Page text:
The Water Security Agency’s (WSA) 2022 Conditions at Freeze-up Report indicates that most areas of the province are on the dry side going into the winter. While some areas of the province experienced higher than normal spring and early summer precipitation, the last half of the summer and early fall were dry resulting in drier than normal soil moisture conditions at freeze-up.
Most larger water supply reservoirs across southern and central Saskatchewan have adequate supplies.
At this time, there are no areas where WSA believes that there is a heightened risk of above normal spring runoff in 2023. There is, however, concern of surface water supply issues in the southwest if winter snowfall is below average.
The southwest and east-central portions of the province experienced two significant snowfall events this fall that melted, improving near surface soil moistures. Snow surveys in February 2023 will help determine if the moisture will infiltrate into the soil or run off toward reservoirs.
WSA issues the Conditions at Freeze up Report during the late fall/early winter period. Freeze-up conditions, in combination with the winter snowpack, becomes the initial base for the spring snowmelt runoff forecast. This report gives an early indication of areas that are more vulnerable to potentially above or below normal runoff in the spring. It is not a spring runoff forecast, as winter snow accumulation is an integral component in the runoff yield during the melt and is impossible to predict at this juncture.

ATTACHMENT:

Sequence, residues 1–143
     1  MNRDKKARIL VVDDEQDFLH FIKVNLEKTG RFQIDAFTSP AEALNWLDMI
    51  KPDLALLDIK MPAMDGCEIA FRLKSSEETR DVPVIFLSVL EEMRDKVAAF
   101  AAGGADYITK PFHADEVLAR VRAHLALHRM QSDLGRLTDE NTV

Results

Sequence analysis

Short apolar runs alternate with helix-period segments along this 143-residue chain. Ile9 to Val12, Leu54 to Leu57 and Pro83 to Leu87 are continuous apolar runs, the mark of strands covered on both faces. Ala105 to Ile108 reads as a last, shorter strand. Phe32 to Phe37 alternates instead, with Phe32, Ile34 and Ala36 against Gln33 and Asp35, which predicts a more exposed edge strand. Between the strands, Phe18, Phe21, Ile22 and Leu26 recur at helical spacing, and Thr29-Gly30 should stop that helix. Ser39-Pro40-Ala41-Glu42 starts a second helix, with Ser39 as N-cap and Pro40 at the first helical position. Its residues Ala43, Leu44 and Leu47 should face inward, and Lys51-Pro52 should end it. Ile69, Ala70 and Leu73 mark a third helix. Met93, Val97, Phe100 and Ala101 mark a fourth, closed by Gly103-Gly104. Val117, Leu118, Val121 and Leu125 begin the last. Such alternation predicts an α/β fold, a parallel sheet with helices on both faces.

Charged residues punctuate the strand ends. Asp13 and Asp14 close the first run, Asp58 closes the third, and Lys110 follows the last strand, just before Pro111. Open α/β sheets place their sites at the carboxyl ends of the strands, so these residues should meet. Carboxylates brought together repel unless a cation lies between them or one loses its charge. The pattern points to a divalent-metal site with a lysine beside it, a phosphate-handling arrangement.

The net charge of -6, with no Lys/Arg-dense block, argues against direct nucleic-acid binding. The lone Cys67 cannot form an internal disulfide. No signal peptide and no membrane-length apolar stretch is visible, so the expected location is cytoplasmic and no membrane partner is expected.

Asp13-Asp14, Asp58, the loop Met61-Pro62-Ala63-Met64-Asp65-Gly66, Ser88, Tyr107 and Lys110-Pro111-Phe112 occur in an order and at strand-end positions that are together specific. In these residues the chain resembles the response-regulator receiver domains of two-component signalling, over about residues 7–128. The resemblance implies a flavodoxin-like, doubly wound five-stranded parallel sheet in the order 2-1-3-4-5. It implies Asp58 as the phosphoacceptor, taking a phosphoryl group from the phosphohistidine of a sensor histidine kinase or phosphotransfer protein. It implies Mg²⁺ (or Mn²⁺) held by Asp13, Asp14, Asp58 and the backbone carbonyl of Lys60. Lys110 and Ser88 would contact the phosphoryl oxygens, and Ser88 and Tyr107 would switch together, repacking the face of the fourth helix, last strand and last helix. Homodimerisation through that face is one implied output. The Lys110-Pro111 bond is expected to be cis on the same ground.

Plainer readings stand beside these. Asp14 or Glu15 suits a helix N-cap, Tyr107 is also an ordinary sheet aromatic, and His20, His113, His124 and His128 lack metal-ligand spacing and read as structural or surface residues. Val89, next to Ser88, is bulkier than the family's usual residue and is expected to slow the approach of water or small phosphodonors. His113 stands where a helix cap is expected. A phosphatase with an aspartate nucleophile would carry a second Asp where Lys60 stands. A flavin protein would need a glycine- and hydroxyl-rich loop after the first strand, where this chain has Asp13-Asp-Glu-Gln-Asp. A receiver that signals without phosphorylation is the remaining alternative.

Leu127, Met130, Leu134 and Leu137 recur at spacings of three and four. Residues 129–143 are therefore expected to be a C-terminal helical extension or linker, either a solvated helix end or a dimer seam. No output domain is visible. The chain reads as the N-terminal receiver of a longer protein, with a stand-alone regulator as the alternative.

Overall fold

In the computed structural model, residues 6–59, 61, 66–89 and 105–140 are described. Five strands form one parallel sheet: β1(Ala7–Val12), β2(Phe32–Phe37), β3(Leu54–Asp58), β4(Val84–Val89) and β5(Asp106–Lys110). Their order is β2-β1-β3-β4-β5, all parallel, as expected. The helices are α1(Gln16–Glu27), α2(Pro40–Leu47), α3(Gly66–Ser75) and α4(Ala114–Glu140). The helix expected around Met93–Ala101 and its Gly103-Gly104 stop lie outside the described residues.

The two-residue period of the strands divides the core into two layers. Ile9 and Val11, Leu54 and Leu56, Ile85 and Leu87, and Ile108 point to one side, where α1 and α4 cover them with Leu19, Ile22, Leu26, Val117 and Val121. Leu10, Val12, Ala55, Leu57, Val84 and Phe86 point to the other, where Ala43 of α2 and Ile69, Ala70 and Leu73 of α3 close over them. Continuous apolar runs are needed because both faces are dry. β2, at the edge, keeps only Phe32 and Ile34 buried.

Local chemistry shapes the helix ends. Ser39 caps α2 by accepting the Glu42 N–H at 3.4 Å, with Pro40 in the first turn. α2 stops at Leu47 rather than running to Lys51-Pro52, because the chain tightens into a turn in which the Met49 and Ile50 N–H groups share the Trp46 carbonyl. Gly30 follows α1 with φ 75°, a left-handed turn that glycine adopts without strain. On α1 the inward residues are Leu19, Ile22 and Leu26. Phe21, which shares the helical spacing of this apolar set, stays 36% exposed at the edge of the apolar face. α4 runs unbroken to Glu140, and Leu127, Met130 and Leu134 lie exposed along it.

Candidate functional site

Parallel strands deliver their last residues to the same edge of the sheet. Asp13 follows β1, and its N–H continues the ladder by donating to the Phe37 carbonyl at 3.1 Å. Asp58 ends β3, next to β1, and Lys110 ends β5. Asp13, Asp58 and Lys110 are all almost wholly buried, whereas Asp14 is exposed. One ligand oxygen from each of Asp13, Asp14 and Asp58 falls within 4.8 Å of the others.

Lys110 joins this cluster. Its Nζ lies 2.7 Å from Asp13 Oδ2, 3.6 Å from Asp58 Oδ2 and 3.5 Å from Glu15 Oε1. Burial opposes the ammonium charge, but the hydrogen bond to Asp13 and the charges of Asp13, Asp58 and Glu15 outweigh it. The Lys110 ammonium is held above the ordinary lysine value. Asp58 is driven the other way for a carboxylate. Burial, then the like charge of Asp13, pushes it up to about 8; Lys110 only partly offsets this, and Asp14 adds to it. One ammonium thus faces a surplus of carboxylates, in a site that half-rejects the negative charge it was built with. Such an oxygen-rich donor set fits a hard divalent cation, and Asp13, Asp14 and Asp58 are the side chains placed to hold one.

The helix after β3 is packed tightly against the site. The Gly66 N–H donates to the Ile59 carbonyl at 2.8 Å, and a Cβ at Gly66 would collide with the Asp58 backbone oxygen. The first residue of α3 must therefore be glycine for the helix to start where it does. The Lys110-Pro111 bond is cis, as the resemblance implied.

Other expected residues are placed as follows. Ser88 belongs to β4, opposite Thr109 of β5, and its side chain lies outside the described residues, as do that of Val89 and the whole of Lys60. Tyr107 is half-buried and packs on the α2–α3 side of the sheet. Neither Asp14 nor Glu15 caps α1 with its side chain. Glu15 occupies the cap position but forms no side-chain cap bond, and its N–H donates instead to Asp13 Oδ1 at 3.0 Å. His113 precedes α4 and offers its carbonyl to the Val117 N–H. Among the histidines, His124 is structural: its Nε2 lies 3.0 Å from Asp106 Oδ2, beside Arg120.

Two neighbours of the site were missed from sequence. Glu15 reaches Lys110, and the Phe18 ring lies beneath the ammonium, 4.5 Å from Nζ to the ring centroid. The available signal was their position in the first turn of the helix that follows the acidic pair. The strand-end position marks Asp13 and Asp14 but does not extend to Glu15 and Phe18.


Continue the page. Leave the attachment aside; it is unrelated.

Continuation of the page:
This assessment is compiled with data from various sources including Environment and Climate Change Canada and the US National Weather Service. We are anticipating near normal temperatures but larger snowpacks this year (based on historical data).
The initial Spring Runoff Outlook for 2023 will be issued in early February.